Thoughts on Friendships and Growing Up

You know how in high school we would get this magical thing called Spring Break? Some families would go on vacations; others would be stuck at home because mom or dad had a full time job they couldn’t take time off from. And the kids who got to go on vacations would come back tan with tall stories about their wonderful times. It always seemed to me like those kids got the upper hand of Spring Break. They got to go on a break while the rest of us stayed home, with nothing more to do than visit Sonic late at night and go shopping at the mall just like any normal week.

 

But, the real Spring Breakers were at a disadvantage too. They would come back to school, completely out of the loop on what went on in the suburbs during the weeklong break. Oh, Jim and Pam are dating again? Sally the hopeless freshman got drunk? Those Spring Breakers didn’t know that any of this had happened in their time of absence. They saw friendships shift, allegiances switch, and suddenly they aren’t so sure how to navigate the testy waters of the high school social circuit. But, with a certain amount of time, they learn to float with the tide, and everything goes back to normal. But there are those few days that are spent halfway in the dark, wanting to scream, “What else don’t I know anymore?”

 

My parents never took me anywhere on vacation for Spring Break. Sure, there was that one Spring Break where we toured (2) colleges, or when I spent the whole break figure skating somewhere else. But, I never was totally in the “high school social circuit” when I was in high school. I have, however, noticed that this trend persists, not necessarily pertaining to spring break or high school, but throughout your whole life.

 

This summer was the first one I spent completely away from my home. I didn’t stay in close contact with my high school friends or my church friends. Nothing has changed drastically, but I do keep getting thrown for a loop when someone mentions something that I have no prior knowledge of.

 

It’s hard to enter back in to friend groups that you’ve been out of for a while. I had to, after spending a year of online schooling, when I came back to public high school. Those first few days back contained the most shy me I’ve ever been. But, as we grow up, and as our old best friends turn less and less “best”, we have to get used to this fading out of friend groups. If you aren’t constantly with someone, and you don’t purposefully maintain contact on a regular basis, your friendship will inevitably change. This isn’t a bad thing, it’s just life.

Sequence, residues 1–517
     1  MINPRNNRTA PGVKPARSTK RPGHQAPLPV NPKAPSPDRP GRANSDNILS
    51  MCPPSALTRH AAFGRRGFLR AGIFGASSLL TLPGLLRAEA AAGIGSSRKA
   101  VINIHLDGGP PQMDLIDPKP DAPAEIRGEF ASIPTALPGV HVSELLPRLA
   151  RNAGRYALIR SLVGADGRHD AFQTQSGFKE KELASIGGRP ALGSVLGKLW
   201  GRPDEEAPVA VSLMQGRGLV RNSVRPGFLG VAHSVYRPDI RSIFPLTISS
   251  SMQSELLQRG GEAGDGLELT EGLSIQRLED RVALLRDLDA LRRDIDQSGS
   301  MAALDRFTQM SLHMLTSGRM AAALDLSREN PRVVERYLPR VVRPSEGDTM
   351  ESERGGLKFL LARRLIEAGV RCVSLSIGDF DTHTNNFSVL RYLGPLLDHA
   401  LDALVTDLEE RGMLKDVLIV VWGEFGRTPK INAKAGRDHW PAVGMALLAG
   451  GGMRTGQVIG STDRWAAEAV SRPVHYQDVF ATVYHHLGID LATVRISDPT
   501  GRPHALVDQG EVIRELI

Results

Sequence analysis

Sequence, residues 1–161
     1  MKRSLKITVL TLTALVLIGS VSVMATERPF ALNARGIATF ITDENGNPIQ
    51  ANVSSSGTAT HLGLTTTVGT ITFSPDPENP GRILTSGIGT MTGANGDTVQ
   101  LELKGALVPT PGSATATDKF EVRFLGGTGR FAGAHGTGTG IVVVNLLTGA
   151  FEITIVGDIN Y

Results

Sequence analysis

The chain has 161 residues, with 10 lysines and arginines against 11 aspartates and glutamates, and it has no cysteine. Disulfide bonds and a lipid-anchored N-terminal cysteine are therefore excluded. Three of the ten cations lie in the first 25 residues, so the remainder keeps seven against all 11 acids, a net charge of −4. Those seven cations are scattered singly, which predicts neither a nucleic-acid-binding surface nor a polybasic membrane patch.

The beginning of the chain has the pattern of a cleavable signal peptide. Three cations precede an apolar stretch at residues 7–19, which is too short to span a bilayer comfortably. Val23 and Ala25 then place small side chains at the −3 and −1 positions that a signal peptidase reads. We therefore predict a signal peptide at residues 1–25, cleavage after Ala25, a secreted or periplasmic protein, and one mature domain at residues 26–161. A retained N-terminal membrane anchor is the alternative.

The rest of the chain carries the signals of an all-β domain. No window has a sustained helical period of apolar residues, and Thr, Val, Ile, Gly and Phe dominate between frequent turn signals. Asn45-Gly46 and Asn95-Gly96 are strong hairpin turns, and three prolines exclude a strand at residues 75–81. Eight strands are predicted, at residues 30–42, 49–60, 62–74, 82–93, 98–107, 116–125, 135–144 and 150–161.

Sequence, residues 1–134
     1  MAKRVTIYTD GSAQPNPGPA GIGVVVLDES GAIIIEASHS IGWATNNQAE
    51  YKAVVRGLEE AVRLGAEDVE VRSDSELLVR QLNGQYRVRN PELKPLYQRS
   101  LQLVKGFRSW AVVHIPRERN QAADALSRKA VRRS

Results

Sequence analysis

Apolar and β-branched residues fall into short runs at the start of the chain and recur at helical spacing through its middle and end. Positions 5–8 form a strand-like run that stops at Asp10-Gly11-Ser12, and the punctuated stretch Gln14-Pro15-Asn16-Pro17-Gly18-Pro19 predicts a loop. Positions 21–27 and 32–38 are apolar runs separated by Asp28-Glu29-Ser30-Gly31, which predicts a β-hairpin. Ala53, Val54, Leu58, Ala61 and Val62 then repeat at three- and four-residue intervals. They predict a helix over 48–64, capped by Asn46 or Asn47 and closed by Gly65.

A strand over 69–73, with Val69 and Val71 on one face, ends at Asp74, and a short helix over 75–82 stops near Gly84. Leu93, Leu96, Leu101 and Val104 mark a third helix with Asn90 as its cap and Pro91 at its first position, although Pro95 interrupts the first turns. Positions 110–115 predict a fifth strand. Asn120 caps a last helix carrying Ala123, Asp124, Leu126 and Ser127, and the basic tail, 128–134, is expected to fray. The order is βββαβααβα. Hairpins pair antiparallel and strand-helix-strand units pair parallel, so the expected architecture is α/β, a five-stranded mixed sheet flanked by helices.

Whenever I make a new friend, I always assume that friend will be mine for life. And to a certain extent, it’s true. But it will fade. The “friendship light” won’t go out completely, but it may change. As I get older, I’m starting to realize that this just happens. In the past, I took it very personally and thought I had done something to make someone not want to be my friend anymore. Now, I know it’s all a part of growing up.

 

Friends change, rumors change, lives change. That’s just the way it is.

20 Women Who Are Changing The World

So. It’s Thursday. Yayyyyyy.

Yesterday I wrote about how I would post one inspirational thing every Wednesday, yadda yadda yadda.

But I’m going to do that thing again today.

I’m sorry, I just had to…it’s so good.

 

women changing the world

Marie Claire posted an article about the “20 Women Who Are Changing Your World.”

These women work for organizations that they created to help make the world better. For example, Alicia Keys is cofounder of Keep a Child Alive which provides people in Africa and India with food, medicine, and care. Gabrielle Giffords is cofounder of Americans Responsible for Solutions, which advocates for gun laws. These women are making a huge difference in the world. It’s empowering to us, as young women, to see how much women can accomplish.

 

I have a passion for changing the world. As a little kid, I thought everyone wanted to. Ever since I was little I wanted to go to Africa to help. Now that I’m older, I see so much more of the world and all that it needs. When I finally have a career, I want it to be in something that affects positive change in the world. That’s one of my personal requirements for a job.

 

What really stuck out to me was a quote from Rachel Lloyd, founder of the Girls Educational and Monitoring Services. She was asked what people would be surprised to find out about her, and she answered that she loves home decorating, clothes, and shoes. But she also said

“I think people think, when you’re a leader in this work, that you spend all of your time thinking about how to change the world, but as a complex, normal human being, you have to have other things in your life that make you happy.”

 

For anyone that knows me, I have trouble finding balance. I like to go 100% at whatever job I’m doing, or whatever passion strikes my fancy for the moment. Like when I’m in my I-want-to-change-the-world mindsets, I want to give up all of my possessions and immediately do all in my power to help.

 

But that doesn’t affect efficient change. Sometimes being too radical in your ideas, while a good thing, can also not be as helpful as donating a little time at first to something, instead of throwing your entire life into it. If you want to be in the business of humanitarianism, that’s great. But you also are allowed to have other hobbies. I didn’t really believe that until today.

 

So if you want to be a woman or man who changes the world for the better, relax. You don’t have to throw your likes and interests away to do it. It’s better to keep your personality in your work, and you’ll be a lot happier.

 

Happy Thursday, and go change the world.